Bible Sources: Truth or Myth Part One -- By: Mark Perkins

Journal: Chafer Theological Seminary Journal
Volume: CTSJ 11:1 (Spring 2005)
Article: Bible Sources: Truth or Myth Part One
Author: Mark Perkins


Bible Sources: Truth or Myth
Part One

Mark Perkins

Mark Perkins received a B.A. from Azusa Pacific University in 1982 and an M.Div. in New Testament from Talbot Theological Seminary in 1985. He served as a Cavalry Scout and Fire Detection Controller in the Army National Guard from 1986 until 1991, was ordained in 1987 at Berachah Church in Houston, Texas, and since 1988 has served as pastor of Front Range Bible Church in Denver, Colorado. Mark and his wife Rene married in 1987 and have two children, Turner, born in 1995, and Alexandra, born in 1998. They enjoy backpacking and adventuring in the Rocky Mountains of Colorado.

Introduction

A myth is “a traditional, typically ancient story dealing with supernatural beings, ancestors, or heroes that serves as a fundamental type in the worldview of a people, as by explaining aspects of the natural world or delineating the psychology, customs, or ideals of society.”1 Myths have been striking a deep chord within human nature for generations—even the most ancient literature of mankind contains stories from earlier times. Underlying this resonance seems to be an identification with the experience described in the myth and a longing for the life of the hero and the times. The world repository of folklore includes much that is familiar to the readers of the Bible. Mythological flood and creation narratives, for instance, are sometimes strikingly similar to the records of our sacred text. As a result, many assert that the Bible itself contains myths or scraps of the same secular themes.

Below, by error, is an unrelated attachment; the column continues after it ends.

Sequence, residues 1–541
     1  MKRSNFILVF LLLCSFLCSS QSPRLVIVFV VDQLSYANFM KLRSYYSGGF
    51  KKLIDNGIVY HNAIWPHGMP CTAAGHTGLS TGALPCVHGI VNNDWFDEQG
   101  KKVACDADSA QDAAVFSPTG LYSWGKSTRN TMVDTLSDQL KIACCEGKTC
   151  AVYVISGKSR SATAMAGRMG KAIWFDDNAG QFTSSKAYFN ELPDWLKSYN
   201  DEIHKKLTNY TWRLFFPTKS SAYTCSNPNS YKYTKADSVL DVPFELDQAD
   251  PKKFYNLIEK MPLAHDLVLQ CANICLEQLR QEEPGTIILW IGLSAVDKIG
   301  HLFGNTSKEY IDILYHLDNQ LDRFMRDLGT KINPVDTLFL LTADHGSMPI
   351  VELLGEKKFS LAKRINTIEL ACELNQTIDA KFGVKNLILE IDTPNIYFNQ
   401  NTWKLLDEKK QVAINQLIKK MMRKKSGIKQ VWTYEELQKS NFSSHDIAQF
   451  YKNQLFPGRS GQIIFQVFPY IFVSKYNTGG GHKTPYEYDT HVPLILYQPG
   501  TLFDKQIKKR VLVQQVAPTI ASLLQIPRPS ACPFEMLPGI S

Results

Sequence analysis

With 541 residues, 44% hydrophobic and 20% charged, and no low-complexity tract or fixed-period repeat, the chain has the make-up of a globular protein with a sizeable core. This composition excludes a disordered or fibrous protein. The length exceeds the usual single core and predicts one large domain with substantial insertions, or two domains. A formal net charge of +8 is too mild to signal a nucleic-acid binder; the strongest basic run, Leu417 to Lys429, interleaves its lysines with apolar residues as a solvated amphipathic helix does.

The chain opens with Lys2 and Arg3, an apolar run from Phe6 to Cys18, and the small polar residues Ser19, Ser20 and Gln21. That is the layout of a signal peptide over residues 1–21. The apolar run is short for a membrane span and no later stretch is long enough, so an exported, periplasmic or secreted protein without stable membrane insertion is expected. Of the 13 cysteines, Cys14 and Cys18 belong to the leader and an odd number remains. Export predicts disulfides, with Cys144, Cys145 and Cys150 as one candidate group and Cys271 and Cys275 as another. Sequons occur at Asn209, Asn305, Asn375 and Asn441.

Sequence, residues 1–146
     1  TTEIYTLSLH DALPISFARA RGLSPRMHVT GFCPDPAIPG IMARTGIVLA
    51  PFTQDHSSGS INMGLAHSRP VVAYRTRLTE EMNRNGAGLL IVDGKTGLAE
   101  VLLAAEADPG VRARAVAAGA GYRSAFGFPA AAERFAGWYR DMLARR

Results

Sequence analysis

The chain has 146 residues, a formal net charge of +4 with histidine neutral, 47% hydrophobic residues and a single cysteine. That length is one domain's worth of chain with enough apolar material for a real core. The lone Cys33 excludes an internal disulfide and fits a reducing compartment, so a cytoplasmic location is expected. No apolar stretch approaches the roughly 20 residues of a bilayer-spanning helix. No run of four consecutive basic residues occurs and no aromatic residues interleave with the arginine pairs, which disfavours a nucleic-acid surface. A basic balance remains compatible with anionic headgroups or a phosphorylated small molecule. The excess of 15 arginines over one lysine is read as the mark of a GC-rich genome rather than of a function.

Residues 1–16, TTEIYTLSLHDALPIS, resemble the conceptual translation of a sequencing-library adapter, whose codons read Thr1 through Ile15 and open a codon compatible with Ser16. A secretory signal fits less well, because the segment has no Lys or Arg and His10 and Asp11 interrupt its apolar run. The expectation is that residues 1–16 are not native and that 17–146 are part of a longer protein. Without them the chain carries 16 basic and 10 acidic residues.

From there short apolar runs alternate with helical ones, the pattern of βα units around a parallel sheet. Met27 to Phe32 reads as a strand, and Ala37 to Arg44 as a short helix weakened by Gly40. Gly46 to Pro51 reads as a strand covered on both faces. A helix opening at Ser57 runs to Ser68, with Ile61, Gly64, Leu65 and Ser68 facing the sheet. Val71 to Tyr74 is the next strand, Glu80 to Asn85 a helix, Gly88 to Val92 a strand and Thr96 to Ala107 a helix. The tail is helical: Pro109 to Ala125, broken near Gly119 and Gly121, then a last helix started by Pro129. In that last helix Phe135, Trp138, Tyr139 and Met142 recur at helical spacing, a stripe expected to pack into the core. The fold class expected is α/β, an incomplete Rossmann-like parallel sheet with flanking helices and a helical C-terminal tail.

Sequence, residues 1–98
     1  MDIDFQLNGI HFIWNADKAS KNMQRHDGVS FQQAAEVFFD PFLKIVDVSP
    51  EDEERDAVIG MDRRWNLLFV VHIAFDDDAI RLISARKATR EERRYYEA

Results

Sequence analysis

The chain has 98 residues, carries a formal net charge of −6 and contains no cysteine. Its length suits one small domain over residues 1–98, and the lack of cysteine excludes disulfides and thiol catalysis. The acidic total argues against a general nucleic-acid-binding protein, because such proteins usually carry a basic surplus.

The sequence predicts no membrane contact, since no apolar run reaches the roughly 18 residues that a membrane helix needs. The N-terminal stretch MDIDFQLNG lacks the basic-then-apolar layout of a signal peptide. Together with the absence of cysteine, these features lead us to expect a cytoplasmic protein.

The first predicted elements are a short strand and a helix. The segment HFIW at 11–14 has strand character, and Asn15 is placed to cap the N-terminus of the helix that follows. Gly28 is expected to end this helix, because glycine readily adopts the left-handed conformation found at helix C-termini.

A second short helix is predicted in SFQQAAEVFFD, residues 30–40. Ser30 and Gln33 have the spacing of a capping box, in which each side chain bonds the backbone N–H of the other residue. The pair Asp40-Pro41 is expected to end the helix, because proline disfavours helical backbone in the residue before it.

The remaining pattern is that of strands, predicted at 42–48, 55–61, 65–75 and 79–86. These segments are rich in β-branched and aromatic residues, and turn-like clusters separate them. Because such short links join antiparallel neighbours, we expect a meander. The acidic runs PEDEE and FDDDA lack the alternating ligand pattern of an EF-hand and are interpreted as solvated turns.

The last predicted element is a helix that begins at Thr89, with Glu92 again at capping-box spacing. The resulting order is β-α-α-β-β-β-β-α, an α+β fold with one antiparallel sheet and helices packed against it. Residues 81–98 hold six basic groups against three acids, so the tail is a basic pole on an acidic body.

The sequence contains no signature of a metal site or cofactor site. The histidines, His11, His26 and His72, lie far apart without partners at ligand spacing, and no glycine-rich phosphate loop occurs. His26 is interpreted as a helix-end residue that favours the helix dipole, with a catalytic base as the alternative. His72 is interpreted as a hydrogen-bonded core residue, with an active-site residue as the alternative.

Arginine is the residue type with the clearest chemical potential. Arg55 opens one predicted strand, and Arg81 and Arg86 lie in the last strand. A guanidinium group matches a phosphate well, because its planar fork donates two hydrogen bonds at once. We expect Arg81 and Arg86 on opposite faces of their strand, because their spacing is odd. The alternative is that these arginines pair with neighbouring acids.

The anecdote regarding the salvation of the famous Christian writer C. S. Lewis illustrates the importance of the issue.

In mid-September [1931] two friends, Hugo Dyson, who had studied English at Oxford and lectured both there and at Reading, and J.R.R. Tolkien, Professor of Anglo-Saxon at Oxford, engaged Lewis in what he immediately recalled “was really a memorable walk [and discussion]. .. on metaphor and myth.” A few days later Lewis wrote, “I have just passed on from believing in God to definitely believing in Christ.” Dyson and Tolkien had helped him see that pagan myths of dying and reviving gods did not prove that the Christ story is false. On the contrary, these ancient myths show us how pagan peoples had a glimpse of the Truth that was going to happen and in fact did happen two thousand years ago.2

The creation and flood narratives of Genesis are the more notorious fields of battle, where Christian scholars are fighting the good fight against an imposing phalanx of Bible critics: scientists offer compelling evidence for the veracity of those narratives,...

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